- Faith & Family
Obama has had his hands full for the last four years with Republican-dominated legislatures intent on putting up roadblocks and making his a one-term presidency. Perhaps his focus should have been on jobs before he pushed for health care but Americans need both — jobs to pay their bills and medical insurance so that they can stay as healthy as possible. We believe that Obama has done particularly well in foreign affairs and has proven that he cares about the status of women in the U.S. and abroad. Some Blacks criticize him for not being our “Black President.” We do not concur. We see him working to be the president of all U.S. citizens. Let’s be straight — many don’t want Obama back in office because he’s Black. We want him in office because he’s the best candidate for the job. And unlike his opponent, he is not one to change his stripes and his message just to satisfy the audience of the day.
This has been a dog fight from the beginning of the race but we believe that Garcia can get the job done and represent his District well in Washington, D.C. There are too many questions about the ethics of his opponent that remain unanswered for our liking.
Rundle continues to lead the way in prosecuting criminals, working behind the scenes for the greater good of all of Miami-Dade’s residents and pushing against a Republican-dominated task force that has done little to show voters that they are serious about making changes to the current ‘stand your ground’ laws that are currently the law of the our State. In her position she does not have the opportunity to make many friends but she has been saving some lives — while getting dangerous criminals off of our streets.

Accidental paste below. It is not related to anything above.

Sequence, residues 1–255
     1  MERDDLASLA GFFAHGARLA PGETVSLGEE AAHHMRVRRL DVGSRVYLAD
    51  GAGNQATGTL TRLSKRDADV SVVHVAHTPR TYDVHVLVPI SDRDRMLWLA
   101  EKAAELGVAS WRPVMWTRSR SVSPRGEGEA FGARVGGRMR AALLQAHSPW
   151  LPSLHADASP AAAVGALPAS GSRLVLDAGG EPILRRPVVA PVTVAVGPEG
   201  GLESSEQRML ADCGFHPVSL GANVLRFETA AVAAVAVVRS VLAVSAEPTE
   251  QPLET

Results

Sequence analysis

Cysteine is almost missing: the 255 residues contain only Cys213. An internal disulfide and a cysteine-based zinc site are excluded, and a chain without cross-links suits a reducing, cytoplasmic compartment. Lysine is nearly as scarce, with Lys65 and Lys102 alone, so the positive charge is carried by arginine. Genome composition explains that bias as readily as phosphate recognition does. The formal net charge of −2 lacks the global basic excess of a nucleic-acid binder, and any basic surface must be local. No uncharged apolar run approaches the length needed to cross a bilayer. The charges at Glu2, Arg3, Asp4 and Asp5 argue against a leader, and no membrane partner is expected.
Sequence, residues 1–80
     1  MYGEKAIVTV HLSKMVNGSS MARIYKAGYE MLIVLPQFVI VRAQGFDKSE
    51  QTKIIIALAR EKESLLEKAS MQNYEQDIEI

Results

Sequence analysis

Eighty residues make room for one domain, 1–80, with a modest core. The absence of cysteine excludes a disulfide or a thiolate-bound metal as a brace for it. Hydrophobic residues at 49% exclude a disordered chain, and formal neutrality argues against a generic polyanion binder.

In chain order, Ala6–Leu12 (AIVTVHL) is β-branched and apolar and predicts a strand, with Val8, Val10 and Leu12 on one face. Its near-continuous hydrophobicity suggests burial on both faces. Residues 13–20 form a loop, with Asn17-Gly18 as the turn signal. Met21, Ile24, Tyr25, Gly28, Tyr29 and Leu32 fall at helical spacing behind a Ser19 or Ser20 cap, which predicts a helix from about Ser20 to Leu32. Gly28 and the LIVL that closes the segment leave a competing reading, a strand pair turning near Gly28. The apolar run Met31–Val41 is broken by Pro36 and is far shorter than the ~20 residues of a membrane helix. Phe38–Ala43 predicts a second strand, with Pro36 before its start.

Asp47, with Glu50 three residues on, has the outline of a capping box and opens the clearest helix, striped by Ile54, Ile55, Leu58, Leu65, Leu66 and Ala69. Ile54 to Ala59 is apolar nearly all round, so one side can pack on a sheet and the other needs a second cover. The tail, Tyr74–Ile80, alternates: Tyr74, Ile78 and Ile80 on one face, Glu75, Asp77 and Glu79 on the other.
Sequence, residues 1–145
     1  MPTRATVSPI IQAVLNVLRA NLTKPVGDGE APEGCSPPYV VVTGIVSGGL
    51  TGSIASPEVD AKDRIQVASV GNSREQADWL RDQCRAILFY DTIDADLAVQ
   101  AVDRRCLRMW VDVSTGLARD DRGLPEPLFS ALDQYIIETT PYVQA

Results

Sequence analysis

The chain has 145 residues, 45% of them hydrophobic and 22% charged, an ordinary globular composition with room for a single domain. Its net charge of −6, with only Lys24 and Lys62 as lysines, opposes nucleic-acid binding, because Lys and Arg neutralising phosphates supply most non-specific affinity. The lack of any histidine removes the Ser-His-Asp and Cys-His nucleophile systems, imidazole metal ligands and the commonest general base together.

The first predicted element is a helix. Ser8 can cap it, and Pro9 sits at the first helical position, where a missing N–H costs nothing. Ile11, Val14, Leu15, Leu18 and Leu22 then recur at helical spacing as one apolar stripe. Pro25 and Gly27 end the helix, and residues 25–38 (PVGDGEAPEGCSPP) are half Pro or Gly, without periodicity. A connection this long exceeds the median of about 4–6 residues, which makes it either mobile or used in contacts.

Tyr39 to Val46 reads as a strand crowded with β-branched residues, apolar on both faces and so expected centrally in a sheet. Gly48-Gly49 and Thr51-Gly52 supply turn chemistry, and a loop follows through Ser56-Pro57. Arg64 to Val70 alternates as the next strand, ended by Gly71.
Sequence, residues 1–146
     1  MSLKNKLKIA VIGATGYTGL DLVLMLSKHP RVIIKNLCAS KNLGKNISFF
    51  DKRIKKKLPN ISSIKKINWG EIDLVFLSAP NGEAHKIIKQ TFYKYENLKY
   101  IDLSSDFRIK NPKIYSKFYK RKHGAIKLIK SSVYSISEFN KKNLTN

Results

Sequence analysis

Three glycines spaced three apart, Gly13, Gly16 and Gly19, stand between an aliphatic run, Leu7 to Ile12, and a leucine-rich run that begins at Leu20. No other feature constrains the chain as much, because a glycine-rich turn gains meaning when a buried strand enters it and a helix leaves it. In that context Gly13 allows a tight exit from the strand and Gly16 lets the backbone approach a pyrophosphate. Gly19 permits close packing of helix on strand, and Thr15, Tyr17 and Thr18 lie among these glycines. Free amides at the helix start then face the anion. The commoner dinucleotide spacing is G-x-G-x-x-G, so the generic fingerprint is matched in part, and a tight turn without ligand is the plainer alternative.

We support Margolis but with one caveat — it is still unclear exactly what she has done of significance for the Black community. That being said, we believe that given her experience in office, she could and should be doing a lot more to mentor young political hopefuls from the Democratic Party that are energetic and have fresh ideas. Her seat is an important one. We hope that she is preparing the way for the next generation.
Unlike other politicians that have ridden on the coattails of their parents or other family members, Bullard has taken on the issues of south Miami-Dade County, particularly education, and proven that he is a force with which to be reckoned. He is honest, bright and articulate. But more than that, he is accessible to his constituents. We need a person like Dwight Bullard fighting for us in Tallahassee.
We supported Pritchett in the primary and are happy to endorse her again. She has the ability to both talk about the issues and to present solutions. She also has the experience of being a former member of the Miami Gardens City Council which is a plus, since her District includes that City as well as North Miami-Dade County, Pembroke Pines and Miramar. She will get the job done.
Watson is like a breath of fresh air and is one who is always ready to speak her mind, to assess what’s best for her District and to take on anyone who would oppose legislation that benefits her community. Her opponent in the primary suggested that there had been tampering with absentee ballots but nothing more has come to light. As for now, we don’t believe that Watson would cheat her way to the top. She’s shown that hard work is the foundation of her commitment to public service.
After losing in his first effort against Bullard in 2010 for his House seat, McGhee used the next two years to firm up support and to get a better read on the issues of the District. He is one of those candidates that has something to say of relevance. He has new ideas — some even controversial — but given the antics of the Republicans in Tallahassee over the past two years, someone needs to challenge the status quo and offer other solutions. McGhee is just the man for the job.